6. What are your favorite book series?
I more of a standalone kinda gal. I know, I know. I’m writing a series, how in the world can I not love them? (In my defense, this series started out as one humongous book that easily broke into novellas, and has morphed from there.) I tend to make it through the first two books in a series and almost always fall off from there. It’s rare that I’ll get through a full trilogy, and almost unheard of for me to complete a longer series. I just really love standalones, and I find that longer stories either expect me to remember too much (I may or may not be suffering from relatively permanent mommy brain) or I feel that they lose their way / focus after a certain number of books. Or I just stop being interested (and that’s a really hard one to explain further). I actually do much better reading everything by an author who happens to write standalones than I do reading a series by an equally excellent author. Weird, I know.
That said, I read and loved the full Harry Potter series, wish there were more books in McKinley’s Damar books, and was deeply impressed by the Medair duology by Andrea K. Höst. 🙂
7. On your site, I found this quote: “‘Absolutely. Justice served with a side of pineapple.’ That’s what I’m here for.” Can you let us in on the inside scoop?
That’s actually a quote from Sunbolt, when my heroine, Hitomi, has crashed a meeting of an underground resistance movement she’s a part of—she calls out the leader on not inviting her, and this little snippet is from part of their back-and-forth on why she’s there and what they both want. I also find it a wonderful little quote for offering a glimpse of both Hitomi’s sense of humor and the motivations that drive her through the story.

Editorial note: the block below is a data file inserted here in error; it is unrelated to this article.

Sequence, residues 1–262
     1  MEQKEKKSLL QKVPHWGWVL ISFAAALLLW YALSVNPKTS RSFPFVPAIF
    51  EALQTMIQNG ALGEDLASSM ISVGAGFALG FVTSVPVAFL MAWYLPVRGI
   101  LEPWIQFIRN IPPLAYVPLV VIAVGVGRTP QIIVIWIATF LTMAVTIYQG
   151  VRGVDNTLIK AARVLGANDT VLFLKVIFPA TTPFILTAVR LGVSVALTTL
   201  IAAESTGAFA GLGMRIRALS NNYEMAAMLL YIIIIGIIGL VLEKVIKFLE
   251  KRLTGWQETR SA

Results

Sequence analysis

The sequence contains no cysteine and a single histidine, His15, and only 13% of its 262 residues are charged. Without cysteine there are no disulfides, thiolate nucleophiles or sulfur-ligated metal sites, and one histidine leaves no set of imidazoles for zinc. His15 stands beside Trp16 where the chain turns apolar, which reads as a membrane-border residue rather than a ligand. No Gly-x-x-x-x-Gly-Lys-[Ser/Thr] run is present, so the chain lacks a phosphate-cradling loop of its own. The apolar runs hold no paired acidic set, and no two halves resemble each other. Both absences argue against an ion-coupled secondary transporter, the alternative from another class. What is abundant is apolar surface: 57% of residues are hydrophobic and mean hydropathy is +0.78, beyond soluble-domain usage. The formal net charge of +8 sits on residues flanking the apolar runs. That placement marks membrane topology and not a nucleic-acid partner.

8. What stories can we look forward to from you next?
I’ll be working on the next book in The Sunbolt Chronicles, as well as a companion trilogy to my debut novel Thorn. The trilogy (which may just turn into one massive book because, yeah, I like standalones) follows the adventures of Rae, introduced in my free short story, The Bone Knife.
About the Author:
Intisar Khanani grew up a nomad and world traveler. She has lived in five different states as well as in Jeddah on the coast of the Red Sea. Until recently, Intisar wrote grants and developed projects to address community health with the Cincinnati Health Department, which was as close as she could get to saving the world. Now she focuses her time on her two passions: raising her family and writing fantasy. Intisar’s current projects include a companion trilogy to Thorn, featuring the heroine introduced in her free short story The Bone Knife, and The Sunbolt Chronicles.
About Memories of Ash:
In the year since she cast her sunbolt, Hitomi has recovered only a handful of memories. But the truths of the past have a tendency to come calling, and an isolated mountain fastness can offer only so much shelter. When the High Council of Mages summons Brigit Stormwind to stand trial for treason, Hitomi knows her mentor won’t return—not with Arch Mage Blackflame behind the charges.
Armed only with her magic and her wits, Hitomi vows to free her mentor from unjust imprisonment. She must traverse spell-cursed lands and barren deserts, facing powerful ancient enchantments and navigating bitter enmities, as she races to reach the High Council. There, she reunites with old friends, planning a rescue equal parts magic and trickery.
If she succeeds, Hitomi will be hunted the rest of her life. If she fails, she’ll face the ultimate punishment: enslavement to the High Council, her magic slowly drained until she dies.